THE TRY GUYS TRY RESPONDING TO A RELATIONSHIP AT WORK: THE LEGAL IMPLICATIONS OF CONSENSUAL WORKPLACE RELATIONSHIPS
By: Mollie Clark Ahsan, Volume 107 Staff Member
Over the past few months, famous YouTube creators The Try Guys have navigated a worldwide scandal surrounding one of the co-owners of their media company. The scandal highlights the legal ambiguity that exists when workplace relationships take place between a supervisor and subordinate, even when relationships are consensual. However, how the law treats consensual relationships with imbalances of power has far-reaching implications for employees, employers, and the future of workplace relationships.
The Try Guys have over eight million subscribers on YouTube, a cult Instagram following, and recently debuted their own show on the Food Network. However, photos and rumors swirling online beginning in September of 2022 revealed that owner Ned Fulmer has been engaged in a long-term relationship with one of his subordinates at the company. By the end of the month, public statements released by Ned confirmed the rumors, stating that he had a “consensual workplace relationship.” Following his statement, The Try Guys immediately announced that Ned Fulmer would no longer be working with The Try Guys “[a]s a result of a thorough internal review.” This was particularly shocking to fans who had known Ned as the “Wife Guy” of the troupe, sparking scandal and massive media attention across multiple internet platforms.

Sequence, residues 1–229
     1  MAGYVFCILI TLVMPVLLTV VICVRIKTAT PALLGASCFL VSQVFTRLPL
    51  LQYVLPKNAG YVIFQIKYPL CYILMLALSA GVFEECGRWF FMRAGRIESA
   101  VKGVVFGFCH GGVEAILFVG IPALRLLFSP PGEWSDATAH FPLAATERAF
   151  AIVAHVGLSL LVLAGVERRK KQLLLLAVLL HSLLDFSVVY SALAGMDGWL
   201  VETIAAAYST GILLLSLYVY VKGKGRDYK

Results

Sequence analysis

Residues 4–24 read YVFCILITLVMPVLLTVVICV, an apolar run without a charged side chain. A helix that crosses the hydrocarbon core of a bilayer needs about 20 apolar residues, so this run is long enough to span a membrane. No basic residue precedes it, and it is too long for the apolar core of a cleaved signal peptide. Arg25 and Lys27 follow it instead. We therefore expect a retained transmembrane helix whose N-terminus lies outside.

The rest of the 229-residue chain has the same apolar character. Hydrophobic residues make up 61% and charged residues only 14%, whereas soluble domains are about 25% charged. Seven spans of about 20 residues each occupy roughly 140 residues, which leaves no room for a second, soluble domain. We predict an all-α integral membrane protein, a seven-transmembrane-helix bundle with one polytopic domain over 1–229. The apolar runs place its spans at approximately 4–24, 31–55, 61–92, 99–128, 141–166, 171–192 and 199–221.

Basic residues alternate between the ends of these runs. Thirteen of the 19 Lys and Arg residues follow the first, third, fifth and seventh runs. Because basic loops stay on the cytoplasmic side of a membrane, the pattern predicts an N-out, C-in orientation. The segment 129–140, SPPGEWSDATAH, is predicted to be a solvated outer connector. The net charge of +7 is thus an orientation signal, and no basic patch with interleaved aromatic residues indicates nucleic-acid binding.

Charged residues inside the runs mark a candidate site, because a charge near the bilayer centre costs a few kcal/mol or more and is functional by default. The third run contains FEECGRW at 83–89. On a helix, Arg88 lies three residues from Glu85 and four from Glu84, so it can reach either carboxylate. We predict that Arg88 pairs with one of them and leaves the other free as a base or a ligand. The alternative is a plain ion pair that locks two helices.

The controversy caused by this relationship has brought up significant debate over the legality of Ned’s conduct, and The Try Guys consulted with a team of lawyers to help navigate the crisis from a legal perspective.
II. CONSENSUAL WORKPLACE RELATIONSHIPS IN THE STATUS QUO
Workplace relationships are far from uncommon, with almost one third of American adults reporting that they have been in a relationship with a coworker. Because of this, many employers have policies in place to help employees navigate relationships and in certain situations may require a disclosure of any workplace relationship. This disclosure allows the workplace to take steps to mitigate the risks these relationships may pose. One of the ways this occurs is through the creation of what is known as a “love contract” that states that the parties mutually enter the relationship and acknowledge the sexual harassment policies in place. However this is not a complete solution, both because not all employees decide to disclose a relationship and because the risk avoided is primarily the employers.
A particular challenge is when relationships take place between employers who have unequal power dynamics—at its most extreme, between an executive and a subordinate. Even though an executive may not have a direct supervisory role, “[t]he person at the top of the organization always has the ability to impact someone’s employment in some way, whether it’s direct or indirect . . . .” The Try Guys’ controversy comes on the heels of several high-profile cases involving relationships between powerful men and their subordinates including the President of CNN, Jeff Zucker who engaged in a nondisclosed relationship with the executive vice president; Self Help Guru Tony Robbins with his employee; and award-winning author Junot Díaz with a graduate student while he was teaching at MIT.
There are a number of potential outcomes when these relationships occur. First, the nondisclosure of a relationship itself may violate company policy and as a result the parties may face repercussions based on internal policies. Second, if a relationship at any point becomes nonconsensual, the aggrieved party may find resolution following traditional sexual harassment remedies. Finally, the supervisor may take adverse action against the subordinate, for example by firing them or passing them up for a promotion.